And it’s not a museum but certainly worth an honorable mention…

The Circus Performers Mass Grave in Forest Park, Ill.


maven said...

OMG, Ken, that museum list is unbelievable! Especially the Museum of Menstruation. I had to actually look that one up. Started by a 53-year old bachelor...makes you wonder. LOL

Rob said...

Some facts about the Museums you list.

Actual T-shirt: Go With The Flow at the Menstruation Museum.... No Strings Attached.

I tried to go to the Museum of Hoaxes once. It didn't exist.

The Salt Museum is located on the site of the old Snow Museum.

It's illegal to use the rear entrance in the Museum of Sex.

The vacuum museum truly sucks.

All of the tour guides at the Pez museum have tracheotomies.

Every 45 minutes at the Roller Skating museum you have to walk backwards for the length of one song.

There isn't a single car in the parking lot at the The International Towing & Recovery Hall of Fame/Museum.

There is no admission charge to the Border Patrol Museum. You just sneak in.

The Janitor at the Weight Lifting Museum is affectionately known as the Cleanin' Jerk.


No one is allowed to face the back of the Elevator Museum.

Jake Hollywood said...
This comment has been removed by the author.
Jake Hollywood said...

And in addition to the Burlingame Museum of Pez, there's also the Easton Museum of Pez Dispensers (Easton, Pa)...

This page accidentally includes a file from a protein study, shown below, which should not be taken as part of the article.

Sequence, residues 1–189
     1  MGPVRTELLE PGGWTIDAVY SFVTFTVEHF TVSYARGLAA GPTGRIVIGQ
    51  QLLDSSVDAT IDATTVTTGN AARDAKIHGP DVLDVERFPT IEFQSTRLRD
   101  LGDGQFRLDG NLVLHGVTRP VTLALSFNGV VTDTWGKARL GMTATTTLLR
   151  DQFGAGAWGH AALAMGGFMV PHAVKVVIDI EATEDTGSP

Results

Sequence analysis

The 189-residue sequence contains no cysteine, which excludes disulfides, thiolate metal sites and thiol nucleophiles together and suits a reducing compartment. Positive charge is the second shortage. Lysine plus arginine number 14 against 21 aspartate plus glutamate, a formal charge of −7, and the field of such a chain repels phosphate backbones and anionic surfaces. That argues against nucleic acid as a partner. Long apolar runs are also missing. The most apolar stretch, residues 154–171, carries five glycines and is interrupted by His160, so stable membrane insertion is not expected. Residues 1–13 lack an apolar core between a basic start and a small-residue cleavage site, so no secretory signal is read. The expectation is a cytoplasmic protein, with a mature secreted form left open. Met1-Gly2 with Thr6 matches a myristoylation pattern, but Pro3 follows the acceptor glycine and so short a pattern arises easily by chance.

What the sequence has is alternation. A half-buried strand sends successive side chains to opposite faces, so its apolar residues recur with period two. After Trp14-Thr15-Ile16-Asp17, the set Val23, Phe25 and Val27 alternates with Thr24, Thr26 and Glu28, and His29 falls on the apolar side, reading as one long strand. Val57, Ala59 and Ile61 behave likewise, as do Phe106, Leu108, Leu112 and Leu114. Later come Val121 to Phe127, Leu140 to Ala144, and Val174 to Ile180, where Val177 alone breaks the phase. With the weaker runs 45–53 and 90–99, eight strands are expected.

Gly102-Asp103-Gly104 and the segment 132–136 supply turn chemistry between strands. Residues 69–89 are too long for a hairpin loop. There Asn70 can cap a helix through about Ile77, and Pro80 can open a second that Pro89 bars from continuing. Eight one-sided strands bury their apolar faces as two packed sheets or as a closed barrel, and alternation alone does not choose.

Who knew a candy/dispenser could inspire not one, but two museums?

ravaj said...

i am quite fond of the spam museum in austin minnesota, although the entry page to the website is kind of scary

as was the car park attendant who, upon seeing the virginia plates on my car, could not resist making hammy comments :-)

Anonymous said...

For what it's worth, the Bata Shoe Museum is in Toronto. I don't think we've been annexed just yet, but I haven't seen tonight's news.

If you're going to be at the Spam Museum, why not take a side trip to Darwin, MN, home of the Biggest Ball of Twine in Minnesota? (Interesting: "Spam" is the track before "The Biggest Ball of Twine in Minnesota" on the soundtrack to UHF.)

Tim W. said...

A mass grave of circus performers? You can't simply make a joke about that because it already IS a punchline.

Anonymous said...

Jake, sorry we missed each other last week. Since we only have two more days of walking before we break for the holidays, want to try and meet tomorrow at Radford? I'm there 10 to 1. Ask for Lowell and Babaloo, I'll be with them.